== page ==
I figure that’s okay.

+++

This is the first year after moving away for college that I haven’t lived in a dorm or an apartment. I have been at a full-time job that I enjoy for the longest I’ve ever worked full-time anywhere. I am reasonably financially stable, making steady progress in my creative career on the side.

Five years ago, this journey was only just beginning.

When I was in college, I gave myself permission to study my environment more critically, and I found myself swallowed up by an envy of other people.

I would observe people from afar, wanting, bitterly, to ask them what it felt like to fit. What was it like, to be pretty and popular and outgoing? To not be questioning their faith, feeling betrayed by the very institution that taught them everything they knew about how to exist in the world? What was it like to not hate and fear their bodies? To feel comfortable presenting exactly the way people expected of them, according to their respective genders? To not be confused and frequently let down by their sexuality? To seem to be on a path that made sense, that everyone else was on and hit the milestones at the average times?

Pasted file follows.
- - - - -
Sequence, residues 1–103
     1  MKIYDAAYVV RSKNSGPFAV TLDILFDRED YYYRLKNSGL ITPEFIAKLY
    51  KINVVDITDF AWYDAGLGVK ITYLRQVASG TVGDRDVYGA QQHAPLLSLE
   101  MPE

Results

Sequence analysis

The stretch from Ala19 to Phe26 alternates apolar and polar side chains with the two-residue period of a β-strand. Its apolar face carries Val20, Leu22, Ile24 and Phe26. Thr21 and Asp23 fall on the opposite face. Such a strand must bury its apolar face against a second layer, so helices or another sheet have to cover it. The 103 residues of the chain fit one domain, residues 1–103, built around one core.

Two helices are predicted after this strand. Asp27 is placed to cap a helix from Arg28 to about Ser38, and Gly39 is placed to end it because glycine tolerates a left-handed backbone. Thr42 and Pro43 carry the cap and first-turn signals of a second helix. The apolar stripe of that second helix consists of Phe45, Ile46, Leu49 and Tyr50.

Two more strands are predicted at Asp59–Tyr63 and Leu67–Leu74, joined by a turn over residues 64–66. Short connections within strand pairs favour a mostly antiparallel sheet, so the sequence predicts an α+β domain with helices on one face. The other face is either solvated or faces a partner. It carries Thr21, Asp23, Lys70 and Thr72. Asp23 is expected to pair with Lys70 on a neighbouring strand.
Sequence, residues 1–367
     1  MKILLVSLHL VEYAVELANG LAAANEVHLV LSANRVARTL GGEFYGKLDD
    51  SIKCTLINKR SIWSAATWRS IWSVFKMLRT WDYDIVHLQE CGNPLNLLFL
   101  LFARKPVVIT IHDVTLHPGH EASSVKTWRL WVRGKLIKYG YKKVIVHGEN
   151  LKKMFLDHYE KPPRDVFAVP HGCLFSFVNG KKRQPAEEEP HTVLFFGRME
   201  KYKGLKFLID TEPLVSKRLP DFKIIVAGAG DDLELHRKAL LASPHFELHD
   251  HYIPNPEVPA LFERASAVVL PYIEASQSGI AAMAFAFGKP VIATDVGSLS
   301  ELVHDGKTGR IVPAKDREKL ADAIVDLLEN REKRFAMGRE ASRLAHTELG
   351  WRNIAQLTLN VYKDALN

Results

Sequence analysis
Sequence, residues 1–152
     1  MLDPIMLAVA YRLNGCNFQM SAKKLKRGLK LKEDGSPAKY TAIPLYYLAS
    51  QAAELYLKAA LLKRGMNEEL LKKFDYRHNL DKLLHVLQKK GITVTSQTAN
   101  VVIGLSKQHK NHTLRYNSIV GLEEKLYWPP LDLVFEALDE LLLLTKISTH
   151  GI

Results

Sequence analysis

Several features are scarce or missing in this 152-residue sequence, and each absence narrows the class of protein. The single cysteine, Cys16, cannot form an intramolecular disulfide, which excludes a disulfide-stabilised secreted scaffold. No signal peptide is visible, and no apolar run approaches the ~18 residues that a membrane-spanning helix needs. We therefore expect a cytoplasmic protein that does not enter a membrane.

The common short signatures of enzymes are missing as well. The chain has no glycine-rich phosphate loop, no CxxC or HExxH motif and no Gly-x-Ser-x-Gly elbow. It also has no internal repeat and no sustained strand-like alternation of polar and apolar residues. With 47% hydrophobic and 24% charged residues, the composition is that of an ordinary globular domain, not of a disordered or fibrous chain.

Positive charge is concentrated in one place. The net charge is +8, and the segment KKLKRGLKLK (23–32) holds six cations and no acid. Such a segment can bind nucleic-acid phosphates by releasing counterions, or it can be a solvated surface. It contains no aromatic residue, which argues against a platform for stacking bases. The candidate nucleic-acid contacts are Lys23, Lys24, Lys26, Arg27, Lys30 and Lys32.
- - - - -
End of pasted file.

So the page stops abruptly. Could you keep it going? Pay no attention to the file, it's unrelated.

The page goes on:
First I distanced myself from the church to gain some perspective.

Then I tried, slowly, carefully, to become comfortable in my body, to explore my sexuality. To decide that I wanted to change the perception of my gender by continuing to identify as it.

I took a long trip away from home, honing my craft, developing my stories, craving the frequent coffee date faith talks of my early twenties. For a time, I felt like maybe no one ever opened up, or that it was too dangerous to do that, now that I had graduated from the small private religious institution that had fostered those faith talks.

It was only later that I realized that while there were many ways that I didn’t fit with the perceived pattern and struggled with things that seemed to come so naturally to my peers, it is easy to connect with people through writing and art because, deep down, we all feel a lot of the same things.